Allergies · Overview

Hay fever: What do you do?


Hay fever: What do you do?

Dr. med. Ken Selde

FMH specialist doctor for ophthalmology and eye surgery


Itchy and burning eyes, sudden attacks of sneezing, a tickle in your nose – all warning signs for allergy sufferers.

 

In Europe, around one in six people has an allergic reaction to pollen, and this number is steadily increasing. Doctors strongly recommend taking hay fever seriously and seeking medical treatment, as there is a danger that a pollen allergy may develop into allergic asthma.

The eyes can be the first organ to indicate an allergy. Common symptoms include itchiness, burning, watering, mucus secretion (particularly in the corners of the eyes), blurred vision, and often deteriorating vision if the eyes are repeatedly vigorously rubbed.
The conjunctiva – the part of the eye which is usually white – often becomes redder or more jelly-like than usual. Airborne pollen settles on the surface of the eye’s conjunctiva and triggers an immune response from the body. For this reason, drinking more regularly and rinsing the eyes with clean, clear water is the first and easiest alleviation measure.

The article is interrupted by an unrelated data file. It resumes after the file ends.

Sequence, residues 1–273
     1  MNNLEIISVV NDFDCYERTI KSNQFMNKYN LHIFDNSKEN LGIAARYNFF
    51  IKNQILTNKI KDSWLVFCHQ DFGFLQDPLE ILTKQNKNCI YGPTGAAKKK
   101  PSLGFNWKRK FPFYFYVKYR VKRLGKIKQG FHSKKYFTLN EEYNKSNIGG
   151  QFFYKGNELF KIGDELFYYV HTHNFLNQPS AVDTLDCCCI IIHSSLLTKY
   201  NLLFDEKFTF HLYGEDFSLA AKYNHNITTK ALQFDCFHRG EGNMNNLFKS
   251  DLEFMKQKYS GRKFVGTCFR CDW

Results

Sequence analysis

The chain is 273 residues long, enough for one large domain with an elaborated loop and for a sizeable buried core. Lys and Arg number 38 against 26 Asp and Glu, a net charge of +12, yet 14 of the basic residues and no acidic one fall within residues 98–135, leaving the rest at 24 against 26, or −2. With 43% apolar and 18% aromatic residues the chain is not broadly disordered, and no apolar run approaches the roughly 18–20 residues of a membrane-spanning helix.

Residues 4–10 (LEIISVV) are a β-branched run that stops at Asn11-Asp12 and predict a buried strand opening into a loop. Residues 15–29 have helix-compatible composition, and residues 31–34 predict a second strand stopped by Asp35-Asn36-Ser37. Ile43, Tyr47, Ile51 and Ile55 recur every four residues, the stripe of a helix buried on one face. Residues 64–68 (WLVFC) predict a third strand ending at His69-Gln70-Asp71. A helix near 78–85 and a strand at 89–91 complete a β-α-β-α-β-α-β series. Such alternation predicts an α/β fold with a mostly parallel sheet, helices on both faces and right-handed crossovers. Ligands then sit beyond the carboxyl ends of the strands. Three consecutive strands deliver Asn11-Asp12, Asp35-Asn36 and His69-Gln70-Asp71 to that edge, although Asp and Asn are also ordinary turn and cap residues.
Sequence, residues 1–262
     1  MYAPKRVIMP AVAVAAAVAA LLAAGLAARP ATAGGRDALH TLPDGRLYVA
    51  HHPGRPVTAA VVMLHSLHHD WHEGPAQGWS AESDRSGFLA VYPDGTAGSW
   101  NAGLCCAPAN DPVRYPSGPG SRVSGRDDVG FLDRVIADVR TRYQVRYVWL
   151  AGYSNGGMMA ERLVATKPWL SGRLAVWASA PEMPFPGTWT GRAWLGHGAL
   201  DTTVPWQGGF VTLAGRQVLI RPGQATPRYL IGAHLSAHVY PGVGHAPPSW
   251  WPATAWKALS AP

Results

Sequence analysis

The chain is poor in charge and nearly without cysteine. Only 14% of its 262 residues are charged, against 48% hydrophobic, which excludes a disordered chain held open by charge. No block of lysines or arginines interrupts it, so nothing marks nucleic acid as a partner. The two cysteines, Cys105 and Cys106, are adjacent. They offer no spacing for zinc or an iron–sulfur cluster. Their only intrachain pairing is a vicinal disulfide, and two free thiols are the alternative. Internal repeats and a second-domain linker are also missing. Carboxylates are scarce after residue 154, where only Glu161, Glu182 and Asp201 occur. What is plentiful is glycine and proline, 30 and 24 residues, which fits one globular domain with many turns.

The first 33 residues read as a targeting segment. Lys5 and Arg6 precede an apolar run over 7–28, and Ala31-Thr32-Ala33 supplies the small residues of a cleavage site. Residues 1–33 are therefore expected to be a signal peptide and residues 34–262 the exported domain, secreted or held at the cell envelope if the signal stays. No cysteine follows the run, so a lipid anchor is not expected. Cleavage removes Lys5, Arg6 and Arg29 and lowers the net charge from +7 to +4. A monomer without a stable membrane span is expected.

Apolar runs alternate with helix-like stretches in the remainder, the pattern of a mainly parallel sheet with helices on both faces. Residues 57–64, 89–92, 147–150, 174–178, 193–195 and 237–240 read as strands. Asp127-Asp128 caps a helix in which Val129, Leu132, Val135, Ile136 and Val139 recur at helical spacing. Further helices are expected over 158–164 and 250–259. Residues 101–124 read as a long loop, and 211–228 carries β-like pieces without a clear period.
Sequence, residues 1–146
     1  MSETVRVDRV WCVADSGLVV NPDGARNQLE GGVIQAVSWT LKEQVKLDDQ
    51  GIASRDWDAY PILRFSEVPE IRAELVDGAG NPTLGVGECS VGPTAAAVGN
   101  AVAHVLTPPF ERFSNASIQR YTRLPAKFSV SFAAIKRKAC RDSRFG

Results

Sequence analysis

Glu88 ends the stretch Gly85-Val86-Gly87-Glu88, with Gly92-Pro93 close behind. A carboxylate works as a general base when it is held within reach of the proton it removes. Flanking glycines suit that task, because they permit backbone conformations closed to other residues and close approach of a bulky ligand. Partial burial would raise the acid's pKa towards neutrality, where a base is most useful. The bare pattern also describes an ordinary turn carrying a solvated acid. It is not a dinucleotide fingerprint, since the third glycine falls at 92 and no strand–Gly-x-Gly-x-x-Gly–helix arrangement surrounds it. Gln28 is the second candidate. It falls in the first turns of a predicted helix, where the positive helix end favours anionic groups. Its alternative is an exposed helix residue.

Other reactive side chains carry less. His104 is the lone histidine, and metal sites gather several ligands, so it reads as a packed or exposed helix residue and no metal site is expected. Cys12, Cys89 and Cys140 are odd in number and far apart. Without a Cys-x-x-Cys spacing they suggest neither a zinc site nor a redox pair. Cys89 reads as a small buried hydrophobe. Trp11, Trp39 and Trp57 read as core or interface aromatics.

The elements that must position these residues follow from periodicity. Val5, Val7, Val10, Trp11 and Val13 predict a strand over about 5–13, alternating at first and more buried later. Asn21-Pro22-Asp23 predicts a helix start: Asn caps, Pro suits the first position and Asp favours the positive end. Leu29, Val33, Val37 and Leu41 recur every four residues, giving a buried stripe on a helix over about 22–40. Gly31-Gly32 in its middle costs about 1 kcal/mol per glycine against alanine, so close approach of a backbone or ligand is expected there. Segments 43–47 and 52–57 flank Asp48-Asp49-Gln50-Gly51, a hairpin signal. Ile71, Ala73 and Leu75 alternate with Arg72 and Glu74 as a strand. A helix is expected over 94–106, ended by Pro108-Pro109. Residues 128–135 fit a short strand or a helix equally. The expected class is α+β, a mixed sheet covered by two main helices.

You should also consult an ophthalmologist to determine whether complementary treatment with eye medication or even a visit to an allergist would be appropriate. You can read the reasons for the increase in allergies >here (in German).

 

Therapy ranges from treatment with simple drops that have almost no side effects to strong allergy suppressants or oral medication. Allergy sufferers with regularly occurring annual symptoms should be tested in regard to special substances that set the mechanism in motion in the patient. This ensures targeted treatment which is not excessively lengthy.


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